I cannot wait until this tech is spoofed into oblivion.
    • by gweihir ( 88907 )

      And that is the other thing the metrics-fanatics overlook consistently: Most metrics are easy to spoof. Quite often it does not even require smart people to do it. At the same time, application of metrics significantly lowers loyalty, as people rightfully perceive themselves to be seen as "just a number". So unless the metrics bring massive increases in productivity, using them is already a losers game.

  • Data? Statistics? (Score:5, Insightful)

    by war4peace ( 1628283 ) on Tuesday September 29, 2015 @09:56AM (#50619473)

    Now wait a second. Management, generally speaking, doesn't understand data. They like to look at a nice Powerpoint slide with people ranked from best to worst. this means that all measures taken relative to workers' productivity get aggregated/coalesced into one, which will most likely be skewed because the aggregation algorithm would never take all variables into consideration.
    Management won't look at 15 metrics per worker and try to understand the data; they want one value and that's it. Not good.

    Consider journalism. You have Worker A and Worker B. You give A an assignment about work effectiveness evolution through history, and B gets to write about Kim Kardashian's choice of panties colors. A writes a 5000 word article, well documented, with references and shit, with a serious title. B writes a 300 word article filled with generic panties pictures with a clickbait title. A gets 300 views, B gets 5 million views. The algorithm generates a value based on efficiency and ROI, and A gets a score of 5/100 while B gets a score of 100/100. You look at the values, fire A and promote B.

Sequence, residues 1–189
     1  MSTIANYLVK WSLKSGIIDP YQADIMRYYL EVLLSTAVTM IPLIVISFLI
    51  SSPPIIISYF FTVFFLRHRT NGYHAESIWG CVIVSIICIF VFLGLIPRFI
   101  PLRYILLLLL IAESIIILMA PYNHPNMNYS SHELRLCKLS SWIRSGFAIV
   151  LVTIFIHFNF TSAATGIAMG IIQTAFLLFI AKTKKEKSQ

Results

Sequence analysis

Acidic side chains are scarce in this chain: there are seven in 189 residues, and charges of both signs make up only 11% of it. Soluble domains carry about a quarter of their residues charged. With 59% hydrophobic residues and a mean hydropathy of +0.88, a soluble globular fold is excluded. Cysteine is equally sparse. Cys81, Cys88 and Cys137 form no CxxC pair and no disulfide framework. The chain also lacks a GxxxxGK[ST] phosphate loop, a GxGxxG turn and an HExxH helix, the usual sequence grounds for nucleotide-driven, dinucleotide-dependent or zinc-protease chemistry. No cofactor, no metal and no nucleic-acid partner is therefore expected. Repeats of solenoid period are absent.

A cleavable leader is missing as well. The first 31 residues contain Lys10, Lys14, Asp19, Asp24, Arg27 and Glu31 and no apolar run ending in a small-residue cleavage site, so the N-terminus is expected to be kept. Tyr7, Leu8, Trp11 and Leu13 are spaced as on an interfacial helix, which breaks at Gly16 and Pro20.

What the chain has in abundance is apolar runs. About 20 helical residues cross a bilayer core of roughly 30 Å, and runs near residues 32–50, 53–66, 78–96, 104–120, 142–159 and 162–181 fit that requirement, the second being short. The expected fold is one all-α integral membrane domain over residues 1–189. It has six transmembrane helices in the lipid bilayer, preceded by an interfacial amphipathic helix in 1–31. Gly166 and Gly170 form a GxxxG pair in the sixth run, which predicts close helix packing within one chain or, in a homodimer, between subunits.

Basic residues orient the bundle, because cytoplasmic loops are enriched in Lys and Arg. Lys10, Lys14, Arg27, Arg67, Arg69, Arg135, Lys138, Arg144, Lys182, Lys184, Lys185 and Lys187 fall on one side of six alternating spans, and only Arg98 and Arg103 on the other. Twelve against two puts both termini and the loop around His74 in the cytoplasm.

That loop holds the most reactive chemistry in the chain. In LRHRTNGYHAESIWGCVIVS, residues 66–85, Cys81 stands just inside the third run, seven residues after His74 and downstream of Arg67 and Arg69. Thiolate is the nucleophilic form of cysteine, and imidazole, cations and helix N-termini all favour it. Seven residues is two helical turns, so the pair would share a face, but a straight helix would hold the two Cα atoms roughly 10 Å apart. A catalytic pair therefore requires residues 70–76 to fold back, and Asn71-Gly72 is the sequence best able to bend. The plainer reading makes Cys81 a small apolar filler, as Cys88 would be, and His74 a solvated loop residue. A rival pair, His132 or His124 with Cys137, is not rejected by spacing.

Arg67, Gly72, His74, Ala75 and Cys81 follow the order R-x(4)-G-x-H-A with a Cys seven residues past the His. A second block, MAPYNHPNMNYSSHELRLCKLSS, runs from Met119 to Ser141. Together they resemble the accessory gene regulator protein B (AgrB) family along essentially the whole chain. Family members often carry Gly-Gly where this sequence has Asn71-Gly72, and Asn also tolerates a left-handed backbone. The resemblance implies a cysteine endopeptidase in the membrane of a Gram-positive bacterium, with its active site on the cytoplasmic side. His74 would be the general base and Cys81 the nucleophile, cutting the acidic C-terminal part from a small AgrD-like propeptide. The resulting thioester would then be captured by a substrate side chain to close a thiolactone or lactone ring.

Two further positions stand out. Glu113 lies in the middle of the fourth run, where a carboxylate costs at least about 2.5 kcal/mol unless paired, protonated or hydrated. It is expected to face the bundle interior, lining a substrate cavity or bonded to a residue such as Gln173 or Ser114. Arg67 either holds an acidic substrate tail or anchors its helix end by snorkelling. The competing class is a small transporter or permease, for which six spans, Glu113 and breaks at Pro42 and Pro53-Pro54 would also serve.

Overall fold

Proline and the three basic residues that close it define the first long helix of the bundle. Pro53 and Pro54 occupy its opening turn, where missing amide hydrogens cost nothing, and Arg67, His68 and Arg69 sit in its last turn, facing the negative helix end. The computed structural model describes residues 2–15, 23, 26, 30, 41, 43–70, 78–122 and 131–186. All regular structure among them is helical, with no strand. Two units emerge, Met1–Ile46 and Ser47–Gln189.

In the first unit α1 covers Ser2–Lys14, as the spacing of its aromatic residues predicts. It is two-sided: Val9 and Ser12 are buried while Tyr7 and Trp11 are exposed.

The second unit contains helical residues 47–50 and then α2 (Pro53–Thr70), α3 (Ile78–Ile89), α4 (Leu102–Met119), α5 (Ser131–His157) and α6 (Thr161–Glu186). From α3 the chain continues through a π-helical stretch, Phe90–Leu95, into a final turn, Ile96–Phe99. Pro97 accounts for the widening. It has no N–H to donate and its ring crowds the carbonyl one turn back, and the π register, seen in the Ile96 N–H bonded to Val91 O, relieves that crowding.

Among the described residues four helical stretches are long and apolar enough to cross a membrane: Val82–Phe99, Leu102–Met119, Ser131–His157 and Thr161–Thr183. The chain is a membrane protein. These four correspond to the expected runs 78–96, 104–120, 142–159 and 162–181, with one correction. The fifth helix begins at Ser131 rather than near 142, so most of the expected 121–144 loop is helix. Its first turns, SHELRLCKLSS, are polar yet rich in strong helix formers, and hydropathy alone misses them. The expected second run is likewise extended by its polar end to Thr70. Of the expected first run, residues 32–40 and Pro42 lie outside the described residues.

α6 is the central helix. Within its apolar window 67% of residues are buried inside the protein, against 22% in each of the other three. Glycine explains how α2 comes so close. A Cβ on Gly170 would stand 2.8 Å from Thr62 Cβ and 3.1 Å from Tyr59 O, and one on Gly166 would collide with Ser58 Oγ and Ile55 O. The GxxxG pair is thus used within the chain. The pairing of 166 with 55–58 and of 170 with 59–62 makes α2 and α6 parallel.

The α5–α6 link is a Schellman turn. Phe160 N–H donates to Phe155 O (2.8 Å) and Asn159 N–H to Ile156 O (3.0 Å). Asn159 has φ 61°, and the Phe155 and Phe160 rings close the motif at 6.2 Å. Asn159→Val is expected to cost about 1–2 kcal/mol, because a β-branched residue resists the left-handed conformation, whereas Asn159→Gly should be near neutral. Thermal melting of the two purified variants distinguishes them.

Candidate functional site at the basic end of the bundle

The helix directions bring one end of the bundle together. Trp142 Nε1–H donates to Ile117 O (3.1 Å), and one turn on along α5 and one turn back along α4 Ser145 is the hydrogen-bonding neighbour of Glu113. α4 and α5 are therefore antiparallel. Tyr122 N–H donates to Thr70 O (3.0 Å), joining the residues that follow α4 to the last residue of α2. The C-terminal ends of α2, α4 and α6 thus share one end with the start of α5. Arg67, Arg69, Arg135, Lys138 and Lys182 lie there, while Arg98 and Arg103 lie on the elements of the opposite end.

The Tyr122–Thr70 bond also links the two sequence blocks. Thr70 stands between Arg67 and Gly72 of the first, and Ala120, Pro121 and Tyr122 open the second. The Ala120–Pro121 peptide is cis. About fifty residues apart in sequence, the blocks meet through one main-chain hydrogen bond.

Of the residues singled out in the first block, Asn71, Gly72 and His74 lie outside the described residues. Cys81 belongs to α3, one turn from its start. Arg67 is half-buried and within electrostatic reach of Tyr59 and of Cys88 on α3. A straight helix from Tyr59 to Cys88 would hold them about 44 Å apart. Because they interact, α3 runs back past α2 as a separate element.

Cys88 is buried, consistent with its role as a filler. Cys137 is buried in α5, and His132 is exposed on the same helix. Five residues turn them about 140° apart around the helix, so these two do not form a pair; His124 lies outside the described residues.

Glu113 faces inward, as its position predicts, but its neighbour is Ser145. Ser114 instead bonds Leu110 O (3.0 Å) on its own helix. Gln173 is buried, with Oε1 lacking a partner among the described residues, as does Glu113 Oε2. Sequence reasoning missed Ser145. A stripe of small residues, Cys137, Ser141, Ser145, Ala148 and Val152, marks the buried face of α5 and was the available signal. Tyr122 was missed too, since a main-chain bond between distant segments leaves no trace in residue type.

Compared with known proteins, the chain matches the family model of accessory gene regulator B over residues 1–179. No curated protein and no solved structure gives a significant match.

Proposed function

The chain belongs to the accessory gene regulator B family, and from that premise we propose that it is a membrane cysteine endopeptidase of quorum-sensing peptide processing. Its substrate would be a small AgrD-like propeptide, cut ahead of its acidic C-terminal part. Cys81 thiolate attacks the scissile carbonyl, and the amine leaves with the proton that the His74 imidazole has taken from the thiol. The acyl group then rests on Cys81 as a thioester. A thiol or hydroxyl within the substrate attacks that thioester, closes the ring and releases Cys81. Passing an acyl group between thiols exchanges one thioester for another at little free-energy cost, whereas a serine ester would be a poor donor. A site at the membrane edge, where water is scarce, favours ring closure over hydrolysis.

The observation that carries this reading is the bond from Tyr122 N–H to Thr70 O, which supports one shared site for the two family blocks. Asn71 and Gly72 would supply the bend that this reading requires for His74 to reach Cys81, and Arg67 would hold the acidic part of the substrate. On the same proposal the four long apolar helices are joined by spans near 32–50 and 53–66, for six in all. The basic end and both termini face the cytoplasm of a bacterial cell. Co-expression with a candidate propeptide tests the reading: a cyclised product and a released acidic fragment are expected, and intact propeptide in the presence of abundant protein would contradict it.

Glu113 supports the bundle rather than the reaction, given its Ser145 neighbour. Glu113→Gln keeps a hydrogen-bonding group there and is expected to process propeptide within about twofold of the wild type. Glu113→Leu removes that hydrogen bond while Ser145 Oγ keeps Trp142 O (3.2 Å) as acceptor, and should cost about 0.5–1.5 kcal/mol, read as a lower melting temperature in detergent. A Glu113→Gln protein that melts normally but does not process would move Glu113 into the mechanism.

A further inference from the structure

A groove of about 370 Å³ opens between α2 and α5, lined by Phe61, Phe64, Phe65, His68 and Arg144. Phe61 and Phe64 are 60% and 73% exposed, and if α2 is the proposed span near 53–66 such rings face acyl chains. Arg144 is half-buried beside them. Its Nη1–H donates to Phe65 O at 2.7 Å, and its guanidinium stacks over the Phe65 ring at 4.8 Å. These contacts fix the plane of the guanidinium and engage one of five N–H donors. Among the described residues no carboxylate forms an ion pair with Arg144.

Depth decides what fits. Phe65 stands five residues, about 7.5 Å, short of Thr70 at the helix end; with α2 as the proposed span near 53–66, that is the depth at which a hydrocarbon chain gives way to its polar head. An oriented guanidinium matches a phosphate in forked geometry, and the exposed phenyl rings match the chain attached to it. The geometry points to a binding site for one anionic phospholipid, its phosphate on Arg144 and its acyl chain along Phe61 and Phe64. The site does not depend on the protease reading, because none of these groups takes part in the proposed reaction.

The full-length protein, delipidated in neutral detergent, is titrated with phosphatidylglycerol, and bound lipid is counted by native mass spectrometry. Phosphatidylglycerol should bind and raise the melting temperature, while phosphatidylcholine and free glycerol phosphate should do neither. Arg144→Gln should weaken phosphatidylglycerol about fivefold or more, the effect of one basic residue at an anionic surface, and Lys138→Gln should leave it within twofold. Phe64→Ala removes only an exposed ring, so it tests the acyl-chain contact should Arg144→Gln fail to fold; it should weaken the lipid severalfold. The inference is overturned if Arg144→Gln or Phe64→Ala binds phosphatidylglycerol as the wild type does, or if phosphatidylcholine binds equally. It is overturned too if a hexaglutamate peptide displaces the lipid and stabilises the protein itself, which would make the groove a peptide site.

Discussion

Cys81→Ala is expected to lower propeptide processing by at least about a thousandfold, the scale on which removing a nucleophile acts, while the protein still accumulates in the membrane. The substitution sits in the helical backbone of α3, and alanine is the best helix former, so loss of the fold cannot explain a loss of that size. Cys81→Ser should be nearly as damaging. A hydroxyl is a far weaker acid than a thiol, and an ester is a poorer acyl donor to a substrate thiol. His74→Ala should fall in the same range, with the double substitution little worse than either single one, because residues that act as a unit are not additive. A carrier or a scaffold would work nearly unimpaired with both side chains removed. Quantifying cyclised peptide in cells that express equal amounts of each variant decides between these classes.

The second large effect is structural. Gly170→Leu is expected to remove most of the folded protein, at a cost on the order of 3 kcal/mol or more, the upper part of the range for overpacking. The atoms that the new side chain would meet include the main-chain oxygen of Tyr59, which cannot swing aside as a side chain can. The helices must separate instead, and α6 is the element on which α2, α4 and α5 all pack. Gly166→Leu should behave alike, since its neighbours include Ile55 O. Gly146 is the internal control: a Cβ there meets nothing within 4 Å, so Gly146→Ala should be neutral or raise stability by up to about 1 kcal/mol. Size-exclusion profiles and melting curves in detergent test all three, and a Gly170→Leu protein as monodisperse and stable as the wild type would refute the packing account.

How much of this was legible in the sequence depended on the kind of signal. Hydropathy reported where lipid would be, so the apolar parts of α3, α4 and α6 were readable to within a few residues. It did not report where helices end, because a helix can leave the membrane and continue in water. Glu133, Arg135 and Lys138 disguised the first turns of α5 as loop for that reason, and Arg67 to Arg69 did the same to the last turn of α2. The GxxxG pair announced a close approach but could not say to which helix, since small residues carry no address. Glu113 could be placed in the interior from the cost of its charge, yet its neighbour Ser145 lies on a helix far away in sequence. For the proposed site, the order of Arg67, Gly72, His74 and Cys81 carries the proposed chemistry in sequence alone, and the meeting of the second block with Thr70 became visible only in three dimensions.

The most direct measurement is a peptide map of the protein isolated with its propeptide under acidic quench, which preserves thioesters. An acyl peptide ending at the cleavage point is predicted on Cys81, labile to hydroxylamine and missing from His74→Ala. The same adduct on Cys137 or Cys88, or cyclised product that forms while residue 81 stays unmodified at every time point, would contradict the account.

Now you know why most articles out there are about Kim Kardashian and panties. Incidentally, you know why automatically measuring productivity can go tits up very quickly.

    • Re: (Score:2, Insightful)

      That's a bit simplistic. If the target audience is statistical management types those 300 views could translate to more value for the publication than an article about panties, but it depends on the publication, which is why you don't usually see in-depth scholalry research in the red tops. The red tops and clickbaiters also make much more money than most academic publications but that's their entire purpose. Once the metrics are calibrated correctly quality can indeed be measured and used to improve a publ

    • by Kjella ( 173770 )

      If you life off is selling ad impressions, it sounds like the system works perfectly. The goal of a for-profit company is never to deliver you a product or service, that is only a means to an end.

      • If you life off is selling ad impressions, it sounds like the system works perfectly. The goal of a for-profit company is never to deliver you a product or service, that is only a means to an end.

        That gets to the heart of the problem, actually.

    • by Moloth ( 2793915 )

      I agree with you. From a business point of view Worker B had 1000 moron viewers who clicked on the bait then the ads and generated more money than Worker A's smarter viewers and only clicked on 10 ads. Worker B made more money with less time so he is promoted and this is why we see click bait content everywhere simply because it is more profitable. I like most others here find it awful but this is what the net has become (internet 2 - the search for more money). At least we can recognise click bait and avo